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Vishal Wilde

Vishal Wilde profile picture

What degree course did you study and when did you graduate?

BSc (Hons) Philosophy, Politics and Economics (Economics major) (2016)

Why did you choose that particular degree course?

When I applied, I really enjoyed what I’d read and knew of Philosophy. Moreover, I felt that studying Politics and Economics would provide a critical grounding for understanding social (scientific) phenomena and comprehending reality. Overall, I preferred the academic breadth and believed that the course would facilitate my development into a well-rounded individual.

Tell us about your employer, your role and what attracted you to them

At the time of writing (September 2023), I’m a Commercial Projects and Governance Manager at the Department of Health and Social Care (DHSC) working on Personal Protective Equipment (PPE). Before that, still working on PPE, I was a Policy Lead and, prior to that, a Policy and Communications Lead (both at the DHSC) after having been redeployed on the Cabinet Office’s Generalist Fast Stream to work on PPE in June 2020.

I liked my work and the DHSC, so I chose to stay as a ‘Grade 7’ from September/October 2020 onwards after having completed the ‘Fast Stream’. Preceding the DHSC, I was attracted to the Cabinet Office’s Generalist Fast Stream, having joined it in 2017, because of the opportunity to work in a variety of roles and government departments.

What are the key skills you learnt at Warwick that have helped you with your career to date?

The sheer breadth of knowledge I accumulated at Warwick has provided a range of foundational skills that remain conducive to my career progression as a generalist.

What has been your greatest career challenge to date and how did your experience and skills help overcome it?

In June 2020, I was redeployed to the Department of Health and Social Care to work on Personal Protective Equipment (PPE) Policy and Strategy during the height of the pandemic. Initially, I worked on scaling and enabling distribution of billons of items of free PPE and related stock to primary care and social care providers in England as well as a range of other eligible users (thereby helping to protect millions across our workforce and communities).

Subsequently, I led on implementing a replacement e-commerce platform (‘Portal 2.0’) which is now managed by NHS Supply Chain and for which the project/initiative won an ‘Adobe Experience Makers Award’ (under the ‘Illuminator’ category) in 2022.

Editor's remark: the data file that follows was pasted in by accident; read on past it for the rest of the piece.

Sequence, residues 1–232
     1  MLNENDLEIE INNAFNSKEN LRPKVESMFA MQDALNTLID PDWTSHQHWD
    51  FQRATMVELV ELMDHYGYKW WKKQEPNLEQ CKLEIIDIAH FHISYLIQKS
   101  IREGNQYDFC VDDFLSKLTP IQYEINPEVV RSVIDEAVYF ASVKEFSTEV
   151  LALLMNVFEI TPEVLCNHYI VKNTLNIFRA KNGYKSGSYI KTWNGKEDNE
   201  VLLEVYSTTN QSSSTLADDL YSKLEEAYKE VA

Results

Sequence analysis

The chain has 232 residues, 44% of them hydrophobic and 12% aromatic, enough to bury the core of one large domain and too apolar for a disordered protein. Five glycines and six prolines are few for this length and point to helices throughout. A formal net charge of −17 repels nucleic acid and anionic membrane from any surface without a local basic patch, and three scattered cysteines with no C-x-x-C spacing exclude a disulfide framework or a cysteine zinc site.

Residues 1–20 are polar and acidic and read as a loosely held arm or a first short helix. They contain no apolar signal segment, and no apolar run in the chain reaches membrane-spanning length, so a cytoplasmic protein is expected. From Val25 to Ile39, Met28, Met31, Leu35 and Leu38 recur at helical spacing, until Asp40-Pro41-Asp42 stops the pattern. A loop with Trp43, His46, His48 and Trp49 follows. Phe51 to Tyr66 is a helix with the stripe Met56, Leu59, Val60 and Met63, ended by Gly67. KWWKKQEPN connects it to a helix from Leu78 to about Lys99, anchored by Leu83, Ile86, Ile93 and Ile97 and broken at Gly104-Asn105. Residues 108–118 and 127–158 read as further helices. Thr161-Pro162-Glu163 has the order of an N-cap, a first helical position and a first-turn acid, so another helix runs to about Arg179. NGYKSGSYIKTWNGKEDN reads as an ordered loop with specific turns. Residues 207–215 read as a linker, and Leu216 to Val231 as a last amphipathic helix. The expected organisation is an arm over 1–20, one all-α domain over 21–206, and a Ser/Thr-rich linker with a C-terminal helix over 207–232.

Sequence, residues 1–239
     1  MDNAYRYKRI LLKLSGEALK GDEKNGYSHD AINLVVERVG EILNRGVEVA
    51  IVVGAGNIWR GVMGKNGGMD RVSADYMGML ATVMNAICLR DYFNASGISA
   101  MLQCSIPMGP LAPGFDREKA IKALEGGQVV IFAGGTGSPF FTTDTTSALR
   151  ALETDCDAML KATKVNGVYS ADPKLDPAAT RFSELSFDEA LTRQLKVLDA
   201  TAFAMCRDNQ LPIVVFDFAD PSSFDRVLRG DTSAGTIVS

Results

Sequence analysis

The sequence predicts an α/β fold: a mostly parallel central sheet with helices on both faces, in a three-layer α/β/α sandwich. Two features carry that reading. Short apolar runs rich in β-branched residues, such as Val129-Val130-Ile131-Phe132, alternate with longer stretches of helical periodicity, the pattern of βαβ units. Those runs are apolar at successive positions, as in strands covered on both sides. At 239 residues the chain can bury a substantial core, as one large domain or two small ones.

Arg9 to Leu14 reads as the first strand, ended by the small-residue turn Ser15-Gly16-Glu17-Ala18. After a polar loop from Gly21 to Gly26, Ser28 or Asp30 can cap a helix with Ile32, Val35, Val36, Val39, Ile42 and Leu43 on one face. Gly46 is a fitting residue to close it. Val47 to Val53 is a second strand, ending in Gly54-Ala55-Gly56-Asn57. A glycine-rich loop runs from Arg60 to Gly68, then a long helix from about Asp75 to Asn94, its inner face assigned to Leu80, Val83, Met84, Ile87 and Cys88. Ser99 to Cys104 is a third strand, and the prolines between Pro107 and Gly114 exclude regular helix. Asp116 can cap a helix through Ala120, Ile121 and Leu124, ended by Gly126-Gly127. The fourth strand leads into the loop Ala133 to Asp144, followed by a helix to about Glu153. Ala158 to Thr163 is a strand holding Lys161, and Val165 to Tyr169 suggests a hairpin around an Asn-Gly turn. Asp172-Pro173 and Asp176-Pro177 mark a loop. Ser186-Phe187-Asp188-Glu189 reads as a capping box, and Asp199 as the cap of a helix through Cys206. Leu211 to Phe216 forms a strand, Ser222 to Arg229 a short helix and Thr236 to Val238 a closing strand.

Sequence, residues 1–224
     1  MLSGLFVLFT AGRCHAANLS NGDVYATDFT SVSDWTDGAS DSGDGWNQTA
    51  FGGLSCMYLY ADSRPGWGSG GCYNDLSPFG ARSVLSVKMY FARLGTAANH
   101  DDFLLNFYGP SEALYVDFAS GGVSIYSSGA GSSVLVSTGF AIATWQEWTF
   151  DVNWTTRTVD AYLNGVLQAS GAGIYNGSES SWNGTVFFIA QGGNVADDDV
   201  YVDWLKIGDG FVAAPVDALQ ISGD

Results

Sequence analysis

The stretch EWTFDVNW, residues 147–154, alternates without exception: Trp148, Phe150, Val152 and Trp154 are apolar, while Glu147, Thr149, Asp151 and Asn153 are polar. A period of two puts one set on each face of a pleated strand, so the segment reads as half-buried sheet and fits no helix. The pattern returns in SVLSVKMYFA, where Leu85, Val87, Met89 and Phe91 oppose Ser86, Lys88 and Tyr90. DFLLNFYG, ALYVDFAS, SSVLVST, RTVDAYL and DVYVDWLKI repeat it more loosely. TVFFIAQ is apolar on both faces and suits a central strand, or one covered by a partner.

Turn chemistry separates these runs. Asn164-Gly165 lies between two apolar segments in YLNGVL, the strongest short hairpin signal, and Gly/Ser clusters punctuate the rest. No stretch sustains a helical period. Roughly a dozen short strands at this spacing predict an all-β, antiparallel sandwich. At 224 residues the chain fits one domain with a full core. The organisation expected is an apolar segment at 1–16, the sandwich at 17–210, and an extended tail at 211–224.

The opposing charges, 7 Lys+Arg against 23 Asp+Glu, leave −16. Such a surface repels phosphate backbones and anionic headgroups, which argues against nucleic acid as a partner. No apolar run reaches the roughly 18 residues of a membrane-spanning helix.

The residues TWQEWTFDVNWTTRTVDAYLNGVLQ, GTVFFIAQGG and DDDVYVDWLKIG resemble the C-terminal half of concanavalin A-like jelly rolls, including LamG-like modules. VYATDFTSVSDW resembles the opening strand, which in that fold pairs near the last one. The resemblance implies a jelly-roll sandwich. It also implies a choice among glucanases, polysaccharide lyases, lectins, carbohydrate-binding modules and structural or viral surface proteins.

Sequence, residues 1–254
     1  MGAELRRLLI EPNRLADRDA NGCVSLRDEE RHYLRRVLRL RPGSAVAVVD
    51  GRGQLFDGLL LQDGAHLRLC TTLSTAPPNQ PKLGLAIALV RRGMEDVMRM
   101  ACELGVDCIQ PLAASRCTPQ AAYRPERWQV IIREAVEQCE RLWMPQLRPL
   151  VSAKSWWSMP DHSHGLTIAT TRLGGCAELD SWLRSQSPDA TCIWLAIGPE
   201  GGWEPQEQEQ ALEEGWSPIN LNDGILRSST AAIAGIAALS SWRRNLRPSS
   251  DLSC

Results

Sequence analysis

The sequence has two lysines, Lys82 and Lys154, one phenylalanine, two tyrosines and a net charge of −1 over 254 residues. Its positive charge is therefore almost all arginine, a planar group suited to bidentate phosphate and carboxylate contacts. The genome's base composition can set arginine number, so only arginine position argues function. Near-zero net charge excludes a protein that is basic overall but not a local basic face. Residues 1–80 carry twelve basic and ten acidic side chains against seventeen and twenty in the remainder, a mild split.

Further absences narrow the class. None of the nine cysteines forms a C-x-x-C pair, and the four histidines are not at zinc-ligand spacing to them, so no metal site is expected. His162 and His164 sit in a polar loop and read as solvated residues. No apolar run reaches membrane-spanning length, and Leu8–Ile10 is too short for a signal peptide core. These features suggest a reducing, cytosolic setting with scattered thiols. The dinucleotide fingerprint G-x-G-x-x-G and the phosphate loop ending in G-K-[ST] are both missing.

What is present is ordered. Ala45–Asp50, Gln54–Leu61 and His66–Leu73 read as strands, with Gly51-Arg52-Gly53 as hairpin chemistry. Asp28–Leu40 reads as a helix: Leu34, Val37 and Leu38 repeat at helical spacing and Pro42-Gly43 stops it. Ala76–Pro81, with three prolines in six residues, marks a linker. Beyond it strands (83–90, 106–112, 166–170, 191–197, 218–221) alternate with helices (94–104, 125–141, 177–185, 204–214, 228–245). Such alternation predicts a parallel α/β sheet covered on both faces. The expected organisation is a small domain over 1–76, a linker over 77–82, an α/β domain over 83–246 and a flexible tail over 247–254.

By this stage, since 2017, I had worked in numerous government departments and roles across the Civil Service, including multiple policy areas (Financial Services Policy in HM Treasury, EU Exit Customs Policy in HMRC, Product Safety Policy at the then Department for Business, Energy and Industrial Strategy, Rail Franchising Commercial Strategy at the Department for Transport and then PPE at the DHSC), Corporate Services (Business Strategy Development at the Cabinet Office and Capability in the Department for Work and Pensions) as well as Project/Programme Management (at the Valuation Office Agency). As a student, I’d written for think tanks across the political spectrum on a range of areas and topics. Considering my experience and skills in conjunction with my academic background encompassing Philosophy, Politics and Economics at the University of Warwick as well as (Theoretical) Computer Science at the University of Liverpool, I brought a lot to the table.

What ambitions do you have for the future?

Admittedly, things are quite comfortable now. That means I’m naturally yearning for a ‘riskier’ move and change while I weigh up my options in this area – equally, there’s a chance I might end up staying here for life while I deliberate!

What top tips would you give to students looking for a career in your market sector?

If you’d like to work in the UK Civil Service, remember that Civil Service values are honesty, integrity, objectivity and impartiality; Civil Service values are an integral part of being a Civil Servant.

Something else to consider is the value of getting a range of perspectives prior to or while working in any given industry or sector. For instance, before joining the Civil Service on Cabinet Office’s Generalist Fast Stream scheme, I used to write for think tanks across the political spectrum (e.g. the Adam Smith Institute, the Cobden Centre and the Center for a Stateless Society) during both my BSc at Warwick and my MSc in Advanced Computer Science with Internet Economics at the University of Liverpool. I know several colleagues who have also been on external secondments while working in the Civil Service.

What do you know now that you wish you had known when you were applying for jobs?

Don’t be unduly fixated on particular outcomes to the detriment of a holistic, open-minded and flexible approach. I remember I was once very keen to work for the Bank of England; however, in retrospect, working as a Civil Servant and generalist across numerous government departments since 2017 has been much better for my personal and professional development.